8th place: Tony Cousineau ($55,034)

Event 36: $1,500 No Limit 2-7 Draw Lowball (Day 3 of 3)

With more players interested in low-limit buy-in mixed games, this tournament was a hit:

Entries: 241
Prize pool: $325,350
Places paid: 28

Day 2 had only 38 players to start and not only arrived at the final table but started to play through it. Day 3 brought back the final six to play on.

Steven Wolansky was the chip leader going into Day 2 and Day 3, and he continued dominating until going to heads-up against Joseph Cheong with a shorter stack. He staged a solid comeback, however, and won the tournament.

1st place: Steven Wolansky ($89,483)
2nd place: Joseph Cheong ($55,309)
3rd place: Max Kruse ($36,494)
4th place: Christopher Mecklin ($24,908)
5th place: Orjan Skommo ($17,445)
6th place: Samuel Touil ($12,529)
7th place: Scott Bohlman ($9,223)
8th place: Adam Crawford ($6,955)

Event 37: $1,500 PLO (Day 2 of 3)

The low buy-in field was slightly smaller than the previous year but still featured these impressive stats:

Entries: 967
Prize pool: $1,305,450
Places paid: 117
First place prize: $264,400

Day 2 started with 113 players, all of whom were in the money and guaranteed at least $2,480. By the time of the evening dinner break, only 27 players were in still in action with AP Phahurat in the chip lead.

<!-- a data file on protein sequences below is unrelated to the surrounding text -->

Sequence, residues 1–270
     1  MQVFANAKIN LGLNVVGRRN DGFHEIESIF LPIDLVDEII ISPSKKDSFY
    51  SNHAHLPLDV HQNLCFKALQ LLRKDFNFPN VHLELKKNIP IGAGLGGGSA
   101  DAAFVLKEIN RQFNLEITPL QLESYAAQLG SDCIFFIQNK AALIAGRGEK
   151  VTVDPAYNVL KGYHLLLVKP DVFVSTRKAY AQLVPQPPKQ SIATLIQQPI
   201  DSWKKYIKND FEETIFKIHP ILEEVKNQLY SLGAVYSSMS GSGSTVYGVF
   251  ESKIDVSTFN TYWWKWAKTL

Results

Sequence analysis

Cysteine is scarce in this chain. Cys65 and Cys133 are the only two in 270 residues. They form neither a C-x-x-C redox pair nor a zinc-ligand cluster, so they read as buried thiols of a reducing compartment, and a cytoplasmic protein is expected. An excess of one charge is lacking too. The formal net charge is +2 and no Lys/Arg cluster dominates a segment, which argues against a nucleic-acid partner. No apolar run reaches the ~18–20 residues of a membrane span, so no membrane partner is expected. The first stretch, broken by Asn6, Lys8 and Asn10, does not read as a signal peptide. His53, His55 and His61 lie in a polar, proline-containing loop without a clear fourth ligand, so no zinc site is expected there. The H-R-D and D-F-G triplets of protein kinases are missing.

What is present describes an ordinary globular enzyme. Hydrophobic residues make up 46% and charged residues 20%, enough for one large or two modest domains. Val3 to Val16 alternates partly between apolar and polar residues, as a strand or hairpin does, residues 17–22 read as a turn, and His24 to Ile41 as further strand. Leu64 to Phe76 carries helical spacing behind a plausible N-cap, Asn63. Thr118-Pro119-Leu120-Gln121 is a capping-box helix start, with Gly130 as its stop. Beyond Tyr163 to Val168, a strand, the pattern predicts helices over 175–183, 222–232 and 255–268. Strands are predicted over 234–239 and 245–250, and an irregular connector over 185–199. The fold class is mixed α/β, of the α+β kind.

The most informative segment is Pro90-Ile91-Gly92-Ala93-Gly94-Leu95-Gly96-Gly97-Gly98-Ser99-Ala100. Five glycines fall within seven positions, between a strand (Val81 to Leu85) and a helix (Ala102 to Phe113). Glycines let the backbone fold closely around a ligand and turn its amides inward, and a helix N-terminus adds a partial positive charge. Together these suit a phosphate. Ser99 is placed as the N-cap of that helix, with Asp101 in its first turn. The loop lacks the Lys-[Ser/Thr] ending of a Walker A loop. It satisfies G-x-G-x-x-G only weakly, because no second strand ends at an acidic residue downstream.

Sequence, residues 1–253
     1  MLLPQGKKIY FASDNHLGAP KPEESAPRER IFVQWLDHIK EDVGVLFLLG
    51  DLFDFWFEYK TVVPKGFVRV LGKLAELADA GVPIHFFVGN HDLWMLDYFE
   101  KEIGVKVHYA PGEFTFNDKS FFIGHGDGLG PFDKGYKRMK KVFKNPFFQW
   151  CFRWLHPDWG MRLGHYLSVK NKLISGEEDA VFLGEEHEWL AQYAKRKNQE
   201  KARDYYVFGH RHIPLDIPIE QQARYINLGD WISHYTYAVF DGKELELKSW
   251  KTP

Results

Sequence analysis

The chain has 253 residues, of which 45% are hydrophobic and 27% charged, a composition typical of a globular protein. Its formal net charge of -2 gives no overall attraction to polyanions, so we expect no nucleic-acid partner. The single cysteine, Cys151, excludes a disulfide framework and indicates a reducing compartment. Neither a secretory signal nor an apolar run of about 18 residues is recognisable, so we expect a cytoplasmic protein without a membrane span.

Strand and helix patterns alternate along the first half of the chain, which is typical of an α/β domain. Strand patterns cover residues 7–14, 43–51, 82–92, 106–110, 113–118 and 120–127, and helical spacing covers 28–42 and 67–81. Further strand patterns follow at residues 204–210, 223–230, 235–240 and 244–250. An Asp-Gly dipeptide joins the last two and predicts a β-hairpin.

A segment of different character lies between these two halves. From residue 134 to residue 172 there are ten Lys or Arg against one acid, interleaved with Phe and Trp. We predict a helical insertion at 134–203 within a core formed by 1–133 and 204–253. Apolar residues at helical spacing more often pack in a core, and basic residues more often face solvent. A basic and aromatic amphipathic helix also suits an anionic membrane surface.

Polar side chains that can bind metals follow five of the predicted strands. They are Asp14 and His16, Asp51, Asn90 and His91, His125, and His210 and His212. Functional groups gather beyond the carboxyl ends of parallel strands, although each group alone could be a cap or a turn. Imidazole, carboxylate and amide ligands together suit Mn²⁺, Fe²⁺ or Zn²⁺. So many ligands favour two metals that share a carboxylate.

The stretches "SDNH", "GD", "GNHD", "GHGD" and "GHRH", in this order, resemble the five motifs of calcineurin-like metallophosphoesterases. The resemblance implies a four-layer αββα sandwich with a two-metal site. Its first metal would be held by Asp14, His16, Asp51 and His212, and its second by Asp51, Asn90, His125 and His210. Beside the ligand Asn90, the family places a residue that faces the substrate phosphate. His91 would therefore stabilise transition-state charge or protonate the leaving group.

After dinner, players like Will Durkee, Martins Adeniya, and Erick Lindgren exited the field, and the 12th place elimination of James Hoeland for $14,908 was the last of the night. Play ended with 11 competitors, the top five of whom were:

1. Marcel Vonk (604,000)
2. Brandon Paster (588,000)
3. Galen Hall (553,000)
4. Matthew Humphrey (549,000)
5. Kevin Saul (506,000)

Event 38: $10K Seven Card Stud Hi-Low Split-8 (Day 2 of 3)

The championship version of the Seven Card Stud Split event wasn’t as popular as many hoped, but it was a stacked field nonetheless:

Entries: 134
Prize pool: $1,259,600
Places paid: 16
First place prize: $352,696

Day 2 still had 75 players in action, but thinned that number slowly but surely throughout the afternoon and evening hours. At the dinner break, there were still 24 players, and original chip leader George Danzer was still at the top of the leaderboard.